I had to speak at my first conference not too long ago and was presented with the problem of developing a machine learning model on an edge device. Not just that- considering my target audience, it gets better- training and inference had to perform disconnected from the internet entirely.
This, I later found out, is not a hard or unique problem that has not been done before. However, if you have zero background and experience with machine learning, this can become a daunting task very quickly.
Disclaimer: this story does not end with a sexy model with over 70% accuracy (I know, right?!) What it does do is communicate the resources I began with, my cat fight with online tutorials, and the things I learned about machine learning development by DOING.
So, let’s get started…
I knew (for various reasons, to include the fact that my audience loves pictures) that I was going to shoot for an object classification and object recognition model. If you are lost at this point, have no fear. I have a separate article I will be publishing (see my channel) that breaks down the machine learning basics I knew prior to tackling this project Barney style.
So where to find data? I started looking and soon stumbled upon Kaggle. Kaggle is amazing- if you’re looking for a great place for free datasets and an awesome open source community around machine learning and big data science challenges, Kaggle is the place to go.
I ended up picking the OIRDS dataset- a dataset of overhead images of various vehicles, as seen below:
For future laughs, please notice the first image. What is different about this one compared to the others? [You shall find out, don’t worry. It won’t take you weeks to do this either, like it did for me…]
So, awesome. There is the dataset. So what did I have to do to built an object recognition model?
Well, I Googled it. I also asked smarter people at Google to help throw resources my way too.
I ended up with two places to start: this O’Reilly article on using transfer learning with the Inception v3 model, this article on TensorFlow (plus a tutorial), and finally the Tensorflow for Poets Codelab. These were all great resources, however, they failed me on a few things that I shall guide you through momentarily.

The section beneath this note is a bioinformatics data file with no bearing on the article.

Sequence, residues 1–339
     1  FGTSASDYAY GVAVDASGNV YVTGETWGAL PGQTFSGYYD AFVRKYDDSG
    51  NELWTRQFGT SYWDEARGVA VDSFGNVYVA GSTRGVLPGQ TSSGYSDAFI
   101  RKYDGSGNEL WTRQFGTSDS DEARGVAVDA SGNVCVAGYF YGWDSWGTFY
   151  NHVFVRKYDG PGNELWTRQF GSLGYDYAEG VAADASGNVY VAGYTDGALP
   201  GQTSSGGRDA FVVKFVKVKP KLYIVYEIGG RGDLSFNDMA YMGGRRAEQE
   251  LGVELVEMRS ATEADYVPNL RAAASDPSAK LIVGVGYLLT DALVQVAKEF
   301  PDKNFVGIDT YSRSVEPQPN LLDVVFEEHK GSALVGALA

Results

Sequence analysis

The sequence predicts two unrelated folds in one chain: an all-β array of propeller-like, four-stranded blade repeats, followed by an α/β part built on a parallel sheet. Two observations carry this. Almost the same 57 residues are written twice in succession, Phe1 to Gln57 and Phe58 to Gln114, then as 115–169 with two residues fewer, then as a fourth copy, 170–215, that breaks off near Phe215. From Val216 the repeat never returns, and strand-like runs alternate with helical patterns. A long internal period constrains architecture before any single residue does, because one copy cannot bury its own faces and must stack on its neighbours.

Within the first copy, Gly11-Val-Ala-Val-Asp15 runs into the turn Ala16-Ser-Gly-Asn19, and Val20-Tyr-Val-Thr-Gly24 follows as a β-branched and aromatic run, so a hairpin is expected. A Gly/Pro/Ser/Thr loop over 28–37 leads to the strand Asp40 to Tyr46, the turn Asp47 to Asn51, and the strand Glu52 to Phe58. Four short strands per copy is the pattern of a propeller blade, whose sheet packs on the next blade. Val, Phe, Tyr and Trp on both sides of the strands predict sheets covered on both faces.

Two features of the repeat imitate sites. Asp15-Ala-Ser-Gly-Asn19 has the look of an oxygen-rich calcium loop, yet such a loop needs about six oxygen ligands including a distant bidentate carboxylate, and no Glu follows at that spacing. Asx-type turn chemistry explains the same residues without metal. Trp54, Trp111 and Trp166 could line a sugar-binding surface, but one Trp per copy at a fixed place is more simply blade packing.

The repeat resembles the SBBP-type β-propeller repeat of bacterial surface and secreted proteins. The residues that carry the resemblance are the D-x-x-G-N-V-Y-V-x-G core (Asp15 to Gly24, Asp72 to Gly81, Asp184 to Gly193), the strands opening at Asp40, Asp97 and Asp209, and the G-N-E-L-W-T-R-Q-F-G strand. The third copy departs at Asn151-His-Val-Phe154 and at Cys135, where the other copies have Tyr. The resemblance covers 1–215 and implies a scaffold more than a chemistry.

I began with the TensorFlow article, and then moved onto the Codelab. I would recommend starting with those two resources- they are excellent in giving you a high level understanding of what transfer learning is, guiding you through training your first object recognition model, then giving you the tools and guidance you need to train your own dataset. Unless… you pick a dataset like mine.
Advice here: if you would like to train your own dataset, I would recommend starting with a simple dataset that resembles the flowers dataset- images with single objects in them [more on this later] that are clear, and most importantly… are all the same size (dimensions)!
So there I went, sifting and sorting through all 1000+ OIRDS images and throwing them into category folders as TensorFlow for Poets taught me. Except… now scroll up to the sample images I included earlier.
First note: the first image is different because… it contains two vehicles. Also notice the quality of the images… can you really tell the difference between the types of vehicles? If you have no FMV-PED experience or training (even if you do) I challenge you to download the OIRDs dataset. Notice the quality of the images.
Back to the quality of the images. It is very important (in real life) for your training dataset to accurately reflect the expected image quality and variations that you might see in production. This is 1. because it will make your life hell to actually train your model and 2. it will make your model better prepared for production, where not every image is perfect. Avoid the classic code-breaking-in-production phenomenon as much as you can.
So naturally, the mistake I made was that I was now sorting images in duplicates, with images containing cars and trucks in the CARS folder, and that same image copied into the TRUCKS folder. This seriously f-ed up my model training process, giving me a whopping 29% accuracy on the first try.
Have no fear… Part II will bring you to the second part of the journey.